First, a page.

Nuclear Renaissance provides enthusiastic support for the US Department of Energy's Generation IV programme, which aims to foster technologies for improving the sustainability, safety and economic viability of the next generation of nuclear power plants. However, Nuttall seems too ready to accept the claims and hopes of the initiative's proponents. He is also too kind to the developers of gas-cooled reactors in Britain, France, the United States and Germany, claiming that the failures of these reactors were due to their being ahead of the times, rather than faulty engineering and management.

The book's greatest omission is that it gives no attention to the goal of ‘user friendliness’ in nuclear technology — in other words, achieving ease of operation, low maintenance burdens and low corrosion rates. Yet these are some of the greatest problems of the current generation of reactors.

The existence of the Institute of Nuclear Power Operations (INPO) in the United States, and the World Association of Nuclear Operators, which were created following the Three Mile Island and Chernobyl accidents respectively, are not acknowledged, much less discussed. This is despite the consensus that the INPO has been largely responsible for improvements in the performance of the nuclear power industry in the United States over the past 25 years.

The need for nuclear technologies capable of mitigating global warming — for example, with greater power capacity and fuel breeding — is also not recognized as an essential goal.

Technological subtleties such as uncertainties over future economic performance, the trade-offs between passive and active safety features and the role of human error are at the heart of debates over the best paths for technological development, but Nuclear Renaissance does not examine these issues in any depth.

It does discuss economic deregulation, but fails to explore the role of Britain's more compact transmission and distribution structure in the greater success of deregulation compared with the United States. Despite this advantage, nuclear power has been less successful in the United Kingdom than other forms of power generation. BNFL, Britain's nationalized nuclear-power company, currently survives on subsidies from the government. This example raises the question of whether nuclear power plants, with their need for cash even when not operating, are suitable for use in economically deregulated markets.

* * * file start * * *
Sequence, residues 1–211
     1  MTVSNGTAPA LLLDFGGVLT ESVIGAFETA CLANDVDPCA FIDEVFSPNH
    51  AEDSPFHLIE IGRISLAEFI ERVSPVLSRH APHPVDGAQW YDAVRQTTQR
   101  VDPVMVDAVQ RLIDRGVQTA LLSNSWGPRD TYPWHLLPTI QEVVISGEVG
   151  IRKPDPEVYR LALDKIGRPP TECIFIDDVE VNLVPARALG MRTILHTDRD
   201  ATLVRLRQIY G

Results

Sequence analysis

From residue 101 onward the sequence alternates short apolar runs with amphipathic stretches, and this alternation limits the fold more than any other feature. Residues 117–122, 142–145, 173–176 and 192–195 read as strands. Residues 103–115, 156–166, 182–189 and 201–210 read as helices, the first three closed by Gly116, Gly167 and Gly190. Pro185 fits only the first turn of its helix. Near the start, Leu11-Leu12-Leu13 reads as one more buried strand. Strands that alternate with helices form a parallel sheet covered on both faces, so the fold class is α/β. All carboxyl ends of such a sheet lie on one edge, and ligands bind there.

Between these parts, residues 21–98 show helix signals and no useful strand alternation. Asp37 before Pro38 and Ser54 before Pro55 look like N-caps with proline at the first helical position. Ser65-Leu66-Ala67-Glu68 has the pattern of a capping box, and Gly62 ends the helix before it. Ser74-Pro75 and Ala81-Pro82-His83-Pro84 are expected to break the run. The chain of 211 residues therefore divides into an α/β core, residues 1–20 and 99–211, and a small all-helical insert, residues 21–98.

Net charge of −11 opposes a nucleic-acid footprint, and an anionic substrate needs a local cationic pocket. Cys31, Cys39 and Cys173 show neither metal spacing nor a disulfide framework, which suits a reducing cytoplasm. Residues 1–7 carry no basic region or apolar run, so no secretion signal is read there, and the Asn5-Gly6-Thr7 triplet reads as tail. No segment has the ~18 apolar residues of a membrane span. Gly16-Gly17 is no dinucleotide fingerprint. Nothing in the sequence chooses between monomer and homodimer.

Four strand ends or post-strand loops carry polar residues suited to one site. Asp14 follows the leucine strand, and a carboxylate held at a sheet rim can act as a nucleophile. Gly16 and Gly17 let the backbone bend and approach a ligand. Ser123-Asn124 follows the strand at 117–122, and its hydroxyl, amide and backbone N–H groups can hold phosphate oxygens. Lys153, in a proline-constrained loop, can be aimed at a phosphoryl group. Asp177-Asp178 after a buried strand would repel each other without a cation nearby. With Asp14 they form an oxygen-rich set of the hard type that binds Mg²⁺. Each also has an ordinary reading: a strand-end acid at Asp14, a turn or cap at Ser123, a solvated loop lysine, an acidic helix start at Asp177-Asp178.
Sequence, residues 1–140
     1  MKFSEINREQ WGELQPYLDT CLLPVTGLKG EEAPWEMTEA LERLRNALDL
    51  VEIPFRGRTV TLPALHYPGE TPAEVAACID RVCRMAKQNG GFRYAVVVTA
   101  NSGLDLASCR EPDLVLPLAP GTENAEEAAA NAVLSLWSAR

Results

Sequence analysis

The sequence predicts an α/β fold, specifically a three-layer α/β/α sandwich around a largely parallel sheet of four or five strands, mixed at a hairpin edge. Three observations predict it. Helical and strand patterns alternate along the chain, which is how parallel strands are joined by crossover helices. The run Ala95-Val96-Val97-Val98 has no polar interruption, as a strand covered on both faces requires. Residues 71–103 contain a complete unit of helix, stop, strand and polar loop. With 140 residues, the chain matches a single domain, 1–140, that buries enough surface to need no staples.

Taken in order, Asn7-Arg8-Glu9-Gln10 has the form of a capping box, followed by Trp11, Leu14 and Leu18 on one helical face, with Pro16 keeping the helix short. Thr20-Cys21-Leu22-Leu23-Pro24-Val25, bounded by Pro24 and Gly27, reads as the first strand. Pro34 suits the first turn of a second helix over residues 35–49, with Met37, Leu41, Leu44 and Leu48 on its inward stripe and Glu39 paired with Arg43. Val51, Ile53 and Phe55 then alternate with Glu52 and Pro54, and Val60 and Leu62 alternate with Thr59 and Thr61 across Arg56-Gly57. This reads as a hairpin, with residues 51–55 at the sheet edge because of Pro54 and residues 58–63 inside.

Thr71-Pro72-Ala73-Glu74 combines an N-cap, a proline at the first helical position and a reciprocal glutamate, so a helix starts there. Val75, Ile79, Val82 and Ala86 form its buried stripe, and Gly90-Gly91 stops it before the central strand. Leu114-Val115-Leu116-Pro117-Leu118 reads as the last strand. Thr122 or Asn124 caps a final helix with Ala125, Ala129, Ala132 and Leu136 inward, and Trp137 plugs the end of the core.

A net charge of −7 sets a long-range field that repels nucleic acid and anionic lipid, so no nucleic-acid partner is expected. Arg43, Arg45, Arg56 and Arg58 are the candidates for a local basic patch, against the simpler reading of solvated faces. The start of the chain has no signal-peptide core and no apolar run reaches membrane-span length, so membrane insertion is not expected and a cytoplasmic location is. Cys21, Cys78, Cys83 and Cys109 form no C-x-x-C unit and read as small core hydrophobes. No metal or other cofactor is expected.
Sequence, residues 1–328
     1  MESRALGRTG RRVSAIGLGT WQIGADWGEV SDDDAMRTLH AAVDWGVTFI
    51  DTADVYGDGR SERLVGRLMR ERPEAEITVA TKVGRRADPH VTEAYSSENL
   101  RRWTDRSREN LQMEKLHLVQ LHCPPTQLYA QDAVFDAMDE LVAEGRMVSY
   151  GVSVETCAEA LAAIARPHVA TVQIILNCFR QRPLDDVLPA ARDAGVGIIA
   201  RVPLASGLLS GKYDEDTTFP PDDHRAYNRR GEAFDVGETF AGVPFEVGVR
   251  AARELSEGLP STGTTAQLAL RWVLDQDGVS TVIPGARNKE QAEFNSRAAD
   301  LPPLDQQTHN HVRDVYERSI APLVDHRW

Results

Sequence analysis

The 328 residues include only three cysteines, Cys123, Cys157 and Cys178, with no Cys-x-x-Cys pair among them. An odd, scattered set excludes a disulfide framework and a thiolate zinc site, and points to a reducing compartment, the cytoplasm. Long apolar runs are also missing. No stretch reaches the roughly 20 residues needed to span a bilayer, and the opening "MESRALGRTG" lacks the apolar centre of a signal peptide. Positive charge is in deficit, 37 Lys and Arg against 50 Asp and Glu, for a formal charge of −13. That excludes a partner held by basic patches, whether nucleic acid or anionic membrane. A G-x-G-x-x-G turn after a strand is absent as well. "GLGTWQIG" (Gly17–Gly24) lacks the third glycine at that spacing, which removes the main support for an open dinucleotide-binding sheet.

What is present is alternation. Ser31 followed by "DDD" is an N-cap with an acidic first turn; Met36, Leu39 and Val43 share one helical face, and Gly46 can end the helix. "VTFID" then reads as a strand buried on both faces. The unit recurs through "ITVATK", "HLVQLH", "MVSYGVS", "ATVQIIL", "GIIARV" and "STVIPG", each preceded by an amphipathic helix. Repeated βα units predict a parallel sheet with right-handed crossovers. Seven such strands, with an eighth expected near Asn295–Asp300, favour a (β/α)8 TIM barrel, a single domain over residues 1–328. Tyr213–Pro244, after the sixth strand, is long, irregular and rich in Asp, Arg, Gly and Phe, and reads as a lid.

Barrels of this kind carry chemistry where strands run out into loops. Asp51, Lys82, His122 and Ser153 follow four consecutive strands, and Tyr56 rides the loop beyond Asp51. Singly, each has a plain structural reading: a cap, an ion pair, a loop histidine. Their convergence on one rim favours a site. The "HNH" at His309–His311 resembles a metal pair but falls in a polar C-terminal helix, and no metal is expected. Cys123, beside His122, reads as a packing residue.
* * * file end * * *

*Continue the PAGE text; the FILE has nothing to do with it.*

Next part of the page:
At the same time, Nuclear Renaissance is far too kind to the opponents of nuclear power, claiming that they have supported the interim storage of nuclear waste at monitored surface sites where terrestrial disposal — as at Yucca Mountain in the United States — is unavailable. This may be true in Britain, but in the United States, anti-nuclear pressure groups have insisted on perfect and immediate solutions to the problem of nuclear-waste disposal. The US nuclear industry has foolishly accepted this impossible challenge.

Finally, Nuttall asserts that greater public knowledge about nuclear power and debate of the issues will help to win acceptance, but I'm not convinced. He does not recognize the alternative hypothesis that the public's approval of nuclear power may depend more on the industry being the three Bs — beneficial, boring and banal — than on intellectual appeals. This hypothesis seems to explain how the public has come to accept other hazardous and previously feared technologies, such as lifts, steam engines and electricity. These opposing hypotheses for public acceptance are worth exploring: knowing which is closer to the truth may be at least as important as developing better hardware.

The book is essential reading for anyone who is interested in the relationship between energy, society and the environment. The author's observations are thought-provoking, and his knowledge of the current energy scene, particularly in Britain, is deep and subtle. So, despite the few warts noted here, this book is a valuable contribution to the debate about nuclear power. You should read it.

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Golay, M. Power and the people. Nature 436, 461–462 (2005) doi:10.1038/436461a